The Israel Air Force’s 114th Night Leaders Squadron will be the first to receive the new CH-53K helicopters that are expected to arrive by 2026 to replace the aging Yasur helicopters.
The decision was made by IAF Commander Maj.-Gen. Tomer Bar.
Over the coming year, the two Yasur squadrons, the 114th Squadron and the 118th Night Riders Squadron, will be merged in order to “enable an optimal absorption process of the new helicopters,” the IDF Spokesperson’s Unit said.
Following the consolidation of the two squadrons and completion of preparations for the incorporation of the new helicopters, the 114th Squadron will be re-established in 2025 as the final stage in the process.
“The scope of the operational Yasur helicopters will remain unchanged and they will continue their operational, overt and covert missions”IDF
The IDF said, “The scope of the operational Yasur helicopters will remain unchanged and they will continue their operational, overt and covert missions.”
Used by the 114th and 118th squadrons since 1969, the Yasur is the air force’s primary helicopter used to transport soldiers and equipment. They have been used in a wide variety of missions, including secret operations and search and rescue missions.
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The CH-53K King Stallion, the successor to the CH-53, is powered by three engines, giving it a cruising speed of 162 mph (261 kph) and a range of 530 miles (852 km.). Operated by a crew of two pilots and three gunners, it is fitted with self-defense weapons, ballistic protection, crash-worthy seats and retracting landing gear, significantly increasing aircraft and crew survivability.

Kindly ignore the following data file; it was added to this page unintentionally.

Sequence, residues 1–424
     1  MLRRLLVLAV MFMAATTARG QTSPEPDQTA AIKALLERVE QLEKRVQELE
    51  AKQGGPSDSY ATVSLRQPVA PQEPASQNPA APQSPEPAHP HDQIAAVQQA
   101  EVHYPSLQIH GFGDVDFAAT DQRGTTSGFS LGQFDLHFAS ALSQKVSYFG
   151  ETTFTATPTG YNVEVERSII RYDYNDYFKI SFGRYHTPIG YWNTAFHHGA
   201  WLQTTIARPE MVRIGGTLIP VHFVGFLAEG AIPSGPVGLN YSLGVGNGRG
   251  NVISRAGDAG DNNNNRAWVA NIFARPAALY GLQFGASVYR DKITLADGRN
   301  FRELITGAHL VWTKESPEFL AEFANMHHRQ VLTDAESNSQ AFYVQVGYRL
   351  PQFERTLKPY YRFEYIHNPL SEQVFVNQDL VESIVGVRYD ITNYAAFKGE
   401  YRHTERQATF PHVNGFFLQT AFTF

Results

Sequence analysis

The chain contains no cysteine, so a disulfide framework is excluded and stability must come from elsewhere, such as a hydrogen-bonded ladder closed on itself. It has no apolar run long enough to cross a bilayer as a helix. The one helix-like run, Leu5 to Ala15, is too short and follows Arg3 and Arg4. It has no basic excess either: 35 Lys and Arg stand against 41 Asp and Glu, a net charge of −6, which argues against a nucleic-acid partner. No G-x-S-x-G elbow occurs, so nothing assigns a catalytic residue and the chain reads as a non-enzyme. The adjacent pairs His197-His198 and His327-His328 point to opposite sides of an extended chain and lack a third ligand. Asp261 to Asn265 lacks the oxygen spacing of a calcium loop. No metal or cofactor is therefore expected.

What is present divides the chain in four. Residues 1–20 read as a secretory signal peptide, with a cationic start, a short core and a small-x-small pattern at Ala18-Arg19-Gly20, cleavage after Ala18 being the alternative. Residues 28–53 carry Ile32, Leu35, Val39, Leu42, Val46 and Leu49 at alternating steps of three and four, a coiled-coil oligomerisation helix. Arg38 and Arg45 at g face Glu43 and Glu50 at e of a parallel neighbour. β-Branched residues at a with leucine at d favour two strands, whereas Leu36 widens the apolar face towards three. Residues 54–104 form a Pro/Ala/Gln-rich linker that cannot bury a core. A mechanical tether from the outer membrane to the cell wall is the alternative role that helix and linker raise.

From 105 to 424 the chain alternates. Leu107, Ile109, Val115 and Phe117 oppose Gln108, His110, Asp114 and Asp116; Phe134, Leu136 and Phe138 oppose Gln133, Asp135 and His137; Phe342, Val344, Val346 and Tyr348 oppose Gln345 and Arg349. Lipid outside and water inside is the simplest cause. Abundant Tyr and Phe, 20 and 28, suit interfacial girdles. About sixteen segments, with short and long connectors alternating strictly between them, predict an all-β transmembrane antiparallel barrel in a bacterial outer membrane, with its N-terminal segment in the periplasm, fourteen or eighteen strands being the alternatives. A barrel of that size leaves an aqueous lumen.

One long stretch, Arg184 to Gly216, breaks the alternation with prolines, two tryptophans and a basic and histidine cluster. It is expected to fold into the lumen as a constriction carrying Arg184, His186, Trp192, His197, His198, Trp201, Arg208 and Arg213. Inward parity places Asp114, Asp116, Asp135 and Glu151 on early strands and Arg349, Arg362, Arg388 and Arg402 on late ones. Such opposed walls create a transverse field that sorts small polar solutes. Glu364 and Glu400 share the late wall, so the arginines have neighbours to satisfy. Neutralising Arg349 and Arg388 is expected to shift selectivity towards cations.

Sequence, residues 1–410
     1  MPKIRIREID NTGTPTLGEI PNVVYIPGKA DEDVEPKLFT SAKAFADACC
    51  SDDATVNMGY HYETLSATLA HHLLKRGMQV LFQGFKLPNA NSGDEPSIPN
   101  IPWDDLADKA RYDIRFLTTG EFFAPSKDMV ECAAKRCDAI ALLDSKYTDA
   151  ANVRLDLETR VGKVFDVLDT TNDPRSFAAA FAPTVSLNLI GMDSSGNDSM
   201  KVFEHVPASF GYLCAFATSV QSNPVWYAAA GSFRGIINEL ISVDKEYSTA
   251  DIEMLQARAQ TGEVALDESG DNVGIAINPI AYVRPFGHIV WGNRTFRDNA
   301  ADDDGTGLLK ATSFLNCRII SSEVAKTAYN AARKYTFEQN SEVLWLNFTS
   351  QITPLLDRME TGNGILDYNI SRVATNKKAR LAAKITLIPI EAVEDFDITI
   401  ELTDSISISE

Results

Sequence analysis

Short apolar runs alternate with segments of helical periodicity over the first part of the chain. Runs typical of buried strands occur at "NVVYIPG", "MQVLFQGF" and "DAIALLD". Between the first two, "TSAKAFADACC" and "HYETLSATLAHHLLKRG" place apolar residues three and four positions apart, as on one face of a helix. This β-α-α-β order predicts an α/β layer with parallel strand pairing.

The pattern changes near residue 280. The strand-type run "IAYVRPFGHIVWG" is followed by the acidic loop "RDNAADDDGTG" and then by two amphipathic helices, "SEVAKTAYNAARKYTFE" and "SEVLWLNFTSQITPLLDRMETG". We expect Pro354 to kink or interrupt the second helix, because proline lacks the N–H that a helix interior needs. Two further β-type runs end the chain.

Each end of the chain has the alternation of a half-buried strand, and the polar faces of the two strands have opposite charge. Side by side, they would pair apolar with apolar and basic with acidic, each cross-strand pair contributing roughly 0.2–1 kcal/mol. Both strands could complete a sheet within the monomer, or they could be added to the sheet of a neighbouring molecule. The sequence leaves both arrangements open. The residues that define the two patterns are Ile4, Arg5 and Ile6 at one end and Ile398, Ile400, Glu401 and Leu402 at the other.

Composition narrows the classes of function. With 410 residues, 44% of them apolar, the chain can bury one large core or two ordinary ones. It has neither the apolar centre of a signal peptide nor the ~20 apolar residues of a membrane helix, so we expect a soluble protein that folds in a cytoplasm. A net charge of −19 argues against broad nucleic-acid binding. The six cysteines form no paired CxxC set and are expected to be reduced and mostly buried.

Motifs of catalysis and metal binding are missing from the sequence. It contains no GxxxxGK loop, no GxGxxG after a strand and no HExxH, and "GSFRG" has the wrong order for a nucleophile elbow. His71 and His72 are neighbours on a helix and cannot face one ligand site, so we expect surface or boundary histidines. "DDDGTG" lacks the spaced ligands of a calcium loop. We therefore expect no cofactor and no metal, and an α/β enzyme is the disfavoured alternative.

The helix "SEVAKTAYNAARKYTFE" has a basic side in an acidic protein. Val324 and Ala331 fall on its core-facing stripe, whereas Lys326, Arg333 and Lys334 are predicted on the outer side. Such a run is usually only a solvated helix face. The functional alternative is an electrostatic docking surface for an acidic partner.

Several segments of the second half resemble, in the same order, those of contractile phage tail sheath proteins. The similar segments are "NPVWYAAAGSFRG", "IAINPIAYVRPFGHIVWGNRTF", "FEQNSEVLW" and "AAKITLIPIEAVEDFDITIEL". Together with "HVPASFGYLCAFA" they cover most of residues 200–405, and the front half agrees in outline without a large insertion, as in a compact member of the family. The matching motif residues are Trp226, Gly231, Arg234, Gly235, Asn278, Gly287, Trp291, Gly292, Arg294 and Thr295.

The fuel tanks have also been designed to have inert gases pumped in instead of allowing oxygen to build up, giving it a lesser likelihood of exploding if hit by incoming projectiles.
The CH-53K is fitted with digital fly-by-wire avionics with fully integrated flight and navigation displays. It has a mechanical diagnostic system that notifies maintenance crews when a part needs to be replaced, and can carry three times the amount of cargo than older helicopters.
With a full fly-by-wire system, the CH-53K can be flown with a pilot in the cockpit or unmanned, and the helicopter will do exactly as it is programmed to do without any pilot input.
It has the growth potential to have the Defense Advanced Research Projects Agency’s (DARPA) Aircrew Labor In-Cockpit Automation System (ALIAS) installed should the IAF decide to install such a system.
That ability will allow the air force to fly the helicopters deep behind enemy lines and carry out missions such as supplying troops and logistical support without placing a pilot at risk.